Thriving on the Other Side of Treatment
- Gail Walsh was diagnosed with a soft-tissue sarcoma in 2008 after having a bump removed from her thigh.
- After surgery to remove her tumor, Walsh decided to try something new: long-distance hiking. She recently hiked just 600 miles shy of the entire 2,190 mile Appalachian trail. She would’ve continued on, but a back injury prevented her from doing so.
- A cancer diagnosis can change your life. But as we’ve seen in the case of Walsh, you can thrive on the other side of treatment.
Walsh’s Cancer Journey
Her cancer journey began in 2008 when she noticed a small bump on her left thigh. After trying to pop it unsuccessfully, she went to a general surgeon who said it was a clogged sebaceous, or fatty, cyst. But this so-called ‘cyst’ grew over the course of the next year, and a plastic surgeon ended up being the person to ring the alarm for Walsh.
“This isn’t a sebaceous cyst,” he told Gail after removing it.
He was right. Walsh’s lab results revealed she had leiomyosarcoma, a type of soft-tissue sarcoma, and the news took her breath away.
“I was a very healthy individual. I never dreamed of something like this,” Walsh told MD Anderson Cancer Center. “As I was walking out of the hospital, I called a friend in Houston and said, ‘I need help. I’m choosing MD Anderson, and I don’t know how long I’ll be in Houston.’ She said, ‘You’ve got a place.’”
In November 2009, Walsh underwent surgery to remove the tumor and a portion of her quadricep. Thankfully, her treatment would stop there as she didn’t need chemotherapy or radiation.
“I’m thankful the cancer was no worse than what it was, and that I chose to travel to a research institution,” she said. “I wasn’t happy when I saw that 7-inch scar, but having no chemotherapy or radiation, I’m good with that scar. It hasn’t impacted my strength or mobility.”
Much More than a Hike
Walsh emerged from surgery with a new sense of purpose and a drive to push her body to the limit.
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“I kind of questioned, what am I supposed to do with this now?” she said. “I had this voice tell me, ‘You need to teach people how to live.’ I feel like I’ve tried to do as much as I can.”
Less than a year after the operation, she took up motorcycle riding and cruised through the Carolinas and Tennessee. Then, in 2015, she switched her focus to long-distance hiking. She’s hiked the John Muir Trail in California, 160 miles of the Pinhoti Trail and 375 miles on the southern portion of the Appalachian Trail over several years. But she really ramped up her efforts in April 2021 when she attempted to hike the Appalachian Trail from Harpers Ferry, West Virginia, to Maine, and then Harper’s Ferry to the southern end in Georgia.
A back injury about 400 miles after summiting Mount Katahdin in Maine would unfortunately prevent her from reaching her goal. Even still, she walked just 600 miles shy of the entire 2,190 mile Appalachian trail. She may very well try to return to finish what she started one day, but for now she’s relocated to Flagg Mountain in Alabama – the southernmost Appalachian peak – to serve as caretaker of the mountain. She’s also already planned to conquer the the Colorado Trail, a 485-mile journey from Denver to Durango. Seemingly, nothing will slow this resilient cancer survivor down.
“I really like what the course of the last 12 years has brought into my life,” Walsh said.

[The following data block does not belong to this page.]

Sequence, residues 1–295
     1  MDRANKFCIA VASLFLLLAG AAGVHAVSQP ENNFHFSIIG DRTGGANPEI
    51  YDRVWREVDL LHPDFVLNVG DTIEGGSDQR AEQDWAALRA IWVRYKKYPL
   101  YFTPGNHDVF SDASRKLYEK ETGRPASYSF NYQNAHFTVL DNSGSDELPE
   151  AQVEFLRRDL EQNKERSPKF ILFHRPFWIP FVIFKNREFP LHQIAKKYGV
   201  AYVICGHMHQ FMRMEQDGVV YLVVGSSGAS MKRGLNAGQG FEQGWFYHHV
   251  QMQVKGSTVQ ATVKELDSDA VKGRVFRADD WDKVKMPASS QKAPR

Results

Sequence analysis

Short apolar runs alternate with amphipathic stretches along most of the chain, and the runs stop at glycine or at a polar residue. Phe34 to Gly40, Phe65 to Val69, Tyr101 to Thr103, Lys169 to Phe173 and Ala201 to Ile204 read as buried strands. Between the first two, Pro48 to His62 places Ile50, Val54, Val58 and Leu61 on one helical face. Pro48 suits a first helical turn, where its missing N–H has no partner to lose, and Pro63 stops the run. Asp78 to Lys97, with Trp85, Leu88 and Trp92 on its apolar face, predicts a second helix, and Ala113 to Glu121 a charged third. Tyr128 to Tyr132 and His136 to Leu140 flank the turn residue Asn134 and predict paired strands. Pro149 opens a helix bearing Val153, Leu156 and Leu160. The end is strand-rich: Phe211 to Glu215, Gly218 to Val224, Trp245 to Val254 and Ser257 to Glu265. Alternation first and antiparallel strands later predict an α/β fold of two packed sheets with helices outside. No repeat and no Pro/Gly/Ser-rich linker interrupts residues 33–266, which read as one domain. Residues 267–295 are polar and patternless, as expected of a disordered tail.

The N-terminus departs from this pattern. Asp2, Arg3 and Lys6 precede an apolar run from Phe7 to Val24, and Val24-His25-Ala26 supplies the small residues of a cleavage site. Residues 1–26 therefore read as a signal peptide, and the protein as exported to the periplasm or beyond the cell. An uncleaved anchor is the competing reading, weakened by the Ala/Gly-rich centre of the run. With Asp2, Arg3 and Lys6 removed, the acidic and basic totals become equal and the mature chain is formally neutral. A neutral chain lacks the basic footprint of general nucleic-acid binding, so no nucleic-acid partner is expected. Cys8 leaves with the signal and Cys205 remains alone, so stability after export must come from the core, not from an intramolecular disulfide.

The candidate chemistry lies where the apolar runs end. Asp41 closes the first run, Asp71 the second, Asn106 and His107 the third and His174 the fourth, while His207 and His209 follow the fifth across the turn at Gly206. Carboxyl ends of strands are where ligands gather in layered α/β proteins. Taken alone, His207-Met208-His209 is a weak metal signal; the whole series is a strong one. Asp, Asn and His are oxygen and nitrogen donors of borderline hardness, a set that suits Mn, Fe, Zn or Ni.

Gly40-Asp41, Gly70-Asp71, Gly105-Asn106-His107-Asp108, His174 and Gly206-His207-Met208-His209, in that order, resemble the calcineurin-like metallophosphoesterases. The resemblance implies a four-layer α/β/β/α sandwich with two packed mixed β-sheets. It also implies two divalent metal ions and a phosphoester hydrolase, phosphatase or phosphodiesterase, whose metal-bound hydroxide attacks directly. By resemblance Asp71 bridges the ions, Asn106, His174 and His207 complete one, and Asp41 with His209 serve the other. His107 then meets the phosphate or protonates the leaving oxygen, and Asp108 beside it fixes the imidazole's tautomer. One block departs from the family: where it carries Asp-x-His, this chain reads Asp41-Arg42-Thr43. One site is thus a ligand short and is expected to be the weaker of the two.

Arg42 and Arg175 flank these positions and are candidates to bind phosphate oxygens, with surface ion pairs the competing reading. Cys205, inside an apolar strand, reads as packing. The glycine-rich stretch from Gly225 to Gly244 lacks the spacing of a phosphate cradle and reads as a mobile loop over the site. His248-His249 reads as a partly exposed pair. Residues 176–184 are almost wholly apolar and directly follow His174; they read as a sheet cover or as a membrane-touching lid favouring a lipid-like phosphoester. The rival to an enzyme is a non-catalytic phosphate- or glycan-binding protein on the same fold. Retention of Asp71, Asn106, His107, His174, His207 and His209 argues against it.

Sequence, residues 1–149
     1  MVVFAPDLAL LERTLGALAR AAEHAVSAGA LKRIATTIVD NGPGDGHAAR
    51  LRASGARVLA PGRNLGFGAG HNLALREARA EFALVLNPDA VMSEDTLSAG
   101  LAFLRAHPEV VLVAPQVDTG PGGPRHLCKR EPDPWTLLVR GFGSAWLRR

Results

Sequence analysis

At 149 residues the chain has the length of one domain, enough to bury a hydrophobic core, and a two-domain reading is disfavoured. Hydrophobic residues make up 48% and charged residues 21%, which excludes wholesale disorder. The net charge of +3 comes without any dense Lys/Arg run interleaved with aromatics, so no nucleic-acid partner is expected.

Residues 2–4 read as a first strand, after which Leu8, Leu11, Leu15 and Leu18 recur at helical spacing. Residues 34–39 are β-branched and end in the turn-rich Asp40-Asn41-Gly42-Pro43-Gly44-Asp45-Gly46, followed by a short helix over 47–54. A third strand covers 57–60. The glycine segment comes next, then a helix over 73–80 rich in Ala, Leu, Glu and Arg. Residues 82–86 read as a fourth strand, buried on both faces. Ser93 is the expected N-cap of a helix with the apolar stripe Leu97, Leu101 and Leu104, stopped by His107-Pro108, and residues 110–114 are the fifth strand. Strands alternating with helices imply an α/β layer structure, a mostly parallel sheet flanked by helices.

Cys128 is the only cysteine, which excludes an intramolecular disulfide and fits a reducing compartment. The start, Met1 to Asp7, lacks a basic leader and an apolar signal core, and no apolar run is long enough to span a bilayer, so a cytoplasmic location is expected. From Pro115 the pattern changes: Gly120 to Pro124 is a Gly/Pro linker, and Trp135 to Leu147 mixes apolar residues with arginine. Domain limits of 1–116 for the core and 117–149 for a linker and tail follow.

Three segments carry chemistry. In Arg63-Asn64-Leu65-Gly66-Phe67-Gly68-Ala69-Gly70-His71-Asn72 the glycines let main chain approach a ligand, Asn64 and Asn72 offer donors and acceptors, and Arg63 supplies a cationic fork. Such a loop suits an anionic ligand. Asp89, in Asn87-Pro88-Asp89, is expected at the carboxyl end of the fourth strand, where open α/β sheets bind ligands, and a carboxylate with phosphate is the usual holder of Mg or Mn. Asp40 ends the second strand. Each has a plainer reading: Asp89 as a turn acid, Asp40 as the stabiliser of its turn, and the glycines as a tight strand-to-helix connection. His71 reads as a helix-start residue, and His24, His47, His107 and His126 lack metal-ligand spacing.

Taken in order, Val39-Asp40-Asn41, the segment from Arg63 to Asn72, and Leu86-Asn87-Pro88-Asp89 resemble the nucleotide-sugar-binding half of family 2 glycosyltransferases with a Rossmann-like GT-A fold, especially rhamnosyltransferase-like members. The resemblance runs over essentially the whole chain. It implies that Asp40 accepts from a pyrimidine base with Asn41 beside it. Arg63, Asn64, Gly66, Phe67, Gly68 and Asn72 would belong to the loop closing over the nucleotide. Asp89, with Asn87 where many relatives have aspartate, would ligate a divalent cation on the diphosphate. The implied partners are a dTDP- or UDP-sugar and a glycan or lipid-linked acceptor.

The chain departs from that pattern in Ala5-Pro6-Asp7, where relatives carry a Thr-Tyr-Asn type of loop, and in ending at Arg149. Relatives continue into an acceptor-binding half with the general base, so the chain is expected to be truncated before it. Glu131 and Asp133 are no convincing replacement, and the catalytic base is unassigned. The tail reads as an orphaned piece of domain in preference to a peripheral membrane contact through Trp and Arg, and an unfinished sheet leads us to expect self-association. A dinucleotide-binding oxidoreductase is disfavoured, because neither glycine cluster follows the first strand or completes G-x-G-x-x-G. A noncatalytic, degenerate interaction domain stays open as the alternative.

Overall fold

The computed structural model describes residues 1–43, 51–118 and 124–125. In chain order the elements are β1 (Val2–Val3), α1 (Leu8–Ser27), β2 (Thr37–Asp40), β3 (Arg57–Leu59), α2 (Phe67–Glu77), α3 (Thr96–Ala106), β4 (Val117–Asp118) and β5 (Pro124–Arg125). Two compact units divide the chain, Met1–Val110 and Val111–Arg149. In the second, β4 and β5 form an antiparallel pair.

What Is Leiomyosarcoma?
Leiomyosarcoma, or LMS, is a type of rare, aggressive cancer that grows in the smooth muscles. According to the National Cancer Institute, the smooth muscles are in the hollow organs of the body, including the intestines, stomach, bladder and blood vessels. In females, there is also smooth muscle in the uterus. These smooth muscle tissues help move blood, food and other material through the body and work without you being aware. Most often, LMS occurs in the abdomen or uterus.
LMS is a type of sarcoma, and sarcomas, in general, are a diverse group of diseases that account for only about one percent of tumors in adults and just over 10 percent of tumors in children. The main symptom of sarcomas is generally a slow-growing, painless mass, but symptoms can be hard to detect as soft tissue sarcomas are typically painless and bone sarcomas can be mistakenly diagnosed as orthopedic injuries.
“Unfortunately, most sarcomas do not cause many of the symptoms that may be associated with other cancers,” Dr. Dale Shepard, director of the Cleveland Clinic Taussig Cancer Institute Phase I and Sarcoma Programs, previously told SurvivorNet. “A mass the size of a golf ball or larger and growing should be evaluated as a potential sarcoma. It’s important that patients who do have symptoms are not dismissive of them.”
Thriving as a Survivor
A cancer diagnosis can change your life. But as we’ve seen in the case of Walsh, you can thrive on the other side of treatment.
Take Marecya Burton, for example. She was diagnosed with ovarian cancer at just 20 years old. Burton was a college student-athlete looking forward to graduation at the time, but all that had to change when she was forced to move home to start treatment.
“That was definitely challenging for me,” Burton said in a previous interview with SurvivorNet. “I was looking forward to graduating.”
She also had planned on pursuing a law degree after graduation – another dream she had to give up.
“I really had to, in a sense, put my life on hold,” she said. “Sometimes I look at where I am, and I can’t help but wonder, would I be further had I not had my diagnosis?”
But instead of law school, Burton found a new passion: teaching. She became a high school teacher in Baltimore, Maryland, and she’s since made peace with her new direction in life.
“I wouldn’t change my career for the world,” she says. “It’s so fulfilling.”